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4 Class/module design and naming

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Class/module design and naming



Mix-ins and/or inheritance

Module mix-ins are closely related to class inheritance. In both cases, one entity (class

or module) is establishing a close connection with another, by becoming neighbors

on a method-lookup path. In some cases, you may find that you can design part of

your program either with modules or with inheritance.

Our CargoHold class is an example. We implemented it by having it mix in the

Stacklike module. But had we gone the route of writing a Stack class instead of a

Stacklike module, we still could have had a CargoHold. It would have been a subclass

of Stack, as illustrated in listing 4.14.

Listing 4.14

CargoHold, inheriting from Stack instead of mixing in Stacklike

class Stack

attr_reader :stack

def initialize

@stack = []


def add_to_stack(obj)



def take_from_stack




class Suitcase


class CargoHold < Stack

def load_and_report(obj)

print "Loading object "

puts obj.object_id



def unload




From the point of view of an individual CargoHold object, the process works in

listing 4.14 exactly as it worked in the earlier implementation, where CargoHold

mixed in the Stacklike module. The object is concerned with finding and executing

methods that correspond to the messages it receives. It either finds such methods on

its method-lookup path, or it doesn’t. It doesn’t care whether the methods were

defined in a module or a class. It’s like searching a house for a screwdriver: you don’t

care which room you find it in, and which room you find it in makes no difference to

what happens when you subsequently employ the screwdriver for a task.

There’s nothing wrong with this inheritance-based approach to implementing

CargoHold, except that it eats up the one inheritance opportunity CargoHold has. If

another class might be more suitable than Stack to serve as CargoHold’s superclass

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Modules and program organization

(like, hypothetically, StorageSpace or AirplaneSection), we might end up needing

the flexibility we’d gain by turning at least one of those classes into a module.

No single rule or formula always results in the right design. But it’s useful to keep a

couple of considerations in mind when you’re making class-versus-module decisions:

Modules don’t have instances. It follows that entities or things are generally best

modeled in classes, and characteristics or properties of entities or things are

best encapsulated in modules. Correspondingly, as noted in section 4.1.1, class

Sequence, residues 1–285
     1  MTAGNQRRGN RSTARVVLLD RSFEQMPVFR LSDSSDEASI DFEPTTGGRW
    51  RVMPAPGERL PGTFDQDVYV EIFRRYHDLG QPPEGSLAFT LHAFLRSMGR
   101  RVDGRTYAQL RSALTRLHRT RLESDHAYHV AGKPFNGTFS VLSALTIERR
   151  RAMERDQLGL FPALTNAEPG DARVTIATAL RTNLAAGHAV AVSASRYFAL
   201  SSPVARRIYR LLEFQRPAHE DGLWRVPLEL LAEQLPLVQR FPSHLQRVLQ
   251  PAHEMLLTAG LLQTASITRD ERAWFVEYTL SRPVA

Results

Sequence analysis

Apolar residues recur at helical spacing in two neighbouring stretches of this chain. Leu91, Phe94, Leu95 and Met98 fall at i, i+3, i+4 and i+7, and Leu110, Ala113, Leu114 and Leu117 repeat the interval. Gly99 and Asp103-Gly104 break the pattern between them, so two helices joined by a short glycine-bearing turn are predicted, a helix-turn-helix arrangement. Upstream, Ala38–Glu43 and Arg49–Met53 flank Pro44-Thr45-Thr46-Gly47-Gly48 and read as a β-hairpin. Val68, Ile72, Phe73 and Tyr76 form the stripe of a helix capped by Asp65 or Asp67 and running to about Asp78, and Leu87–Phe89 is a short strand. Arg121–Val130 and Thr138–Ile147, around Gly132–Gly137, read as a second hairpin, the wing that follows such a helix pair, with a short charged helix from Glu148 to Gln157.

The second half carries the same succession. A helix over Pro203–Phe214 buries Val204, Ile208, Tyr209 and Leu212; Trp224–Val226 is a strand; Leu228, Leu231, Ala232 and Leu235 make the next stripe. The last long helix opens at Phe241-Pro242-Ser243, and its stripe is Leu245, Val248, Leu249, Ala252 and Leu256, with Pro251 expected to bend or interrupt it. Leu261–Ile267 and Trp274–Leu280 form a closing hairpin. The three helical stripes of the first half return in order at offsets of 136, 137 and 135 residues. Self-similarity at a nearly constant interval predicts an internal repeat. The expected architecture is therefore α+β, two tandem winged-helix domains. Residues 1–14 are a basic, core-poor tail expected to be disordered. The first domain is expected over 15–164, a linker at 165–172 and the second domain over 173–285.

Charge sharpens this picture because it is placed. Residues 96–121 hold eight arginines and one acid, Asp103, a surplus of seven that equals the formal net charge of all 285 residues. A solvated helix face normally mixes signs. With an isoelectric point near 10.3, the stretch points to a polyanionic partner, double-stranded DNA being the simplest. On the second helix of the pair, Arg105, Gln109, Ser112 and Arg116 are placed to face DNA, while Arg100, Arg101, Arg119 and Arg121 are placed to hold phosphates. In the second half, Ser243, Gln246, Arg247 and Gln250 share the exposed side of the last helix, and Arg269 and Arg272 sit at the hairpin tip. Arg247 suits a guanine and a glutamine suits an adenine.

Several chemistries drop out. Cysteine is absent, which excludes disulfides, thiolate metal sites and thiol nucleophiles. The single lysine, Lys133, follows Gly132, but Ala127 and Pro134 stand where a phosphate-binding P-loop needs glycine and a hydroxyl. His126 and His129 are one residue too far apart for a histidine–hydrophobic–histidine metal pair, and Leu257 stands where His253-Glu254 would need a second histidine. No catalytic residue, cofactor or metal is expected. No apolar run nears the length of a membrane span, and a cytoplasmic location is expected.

names tend to be nouns, whereas module names are often adjectives (Stack

versus Stacklike).

A class can have only one superclass, but it can mix in as many modules as it wants. If

you’re using inheritance, give priority to creating a sensible superclass/subclass

relationship. Don’t use up a class’s one and only superclass relationship to

endow the class with what might turn out to be just one of several sets of characteristics.

Summing up these rules in one example, here is what you should not do:

module Vehicle


class SelfPropelling


class Truck < SelfPropelling

include Vehicle


Rather, you should do this:

module SelfPropelling


class Vehicle

include SelfPropelling


class Truck < Vehicle


The second version models the entities and properties much more neatly. Truck

descends from Vehicle (which makes sense), whereas SelfPropelling is a characteristic of vehicles (at least, all those we care about in this model of the world)—a characteristic that is passed on to trucks by virtue of Truck being a descendant, or specialized

form, of Vehicle.

Another important consideration in class/module design is the nesting of modules and/or classes inside each other.


Nesting modules and classes

You can nest a class definition inside a module definition, like this:

module Tools

class Hammer

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To create an instance of the Hammer class defined inside the Tools module, you use the

double-colon constant lookup token (::) to point the way to the name of the class:

h = Tools::Hammer.new

Nested module/class chains like Tools::Hammer are sometimes used to create separate namespaces for classes, modules, and methods. This technique can help if two

classes have a similar name but aren’t the same class. For example, if you have a

Tool::Hammer class, you can also have a Piano::Hammer class, and the two Hammer

classes won’t conflict with each other because they’re nested in their own namespace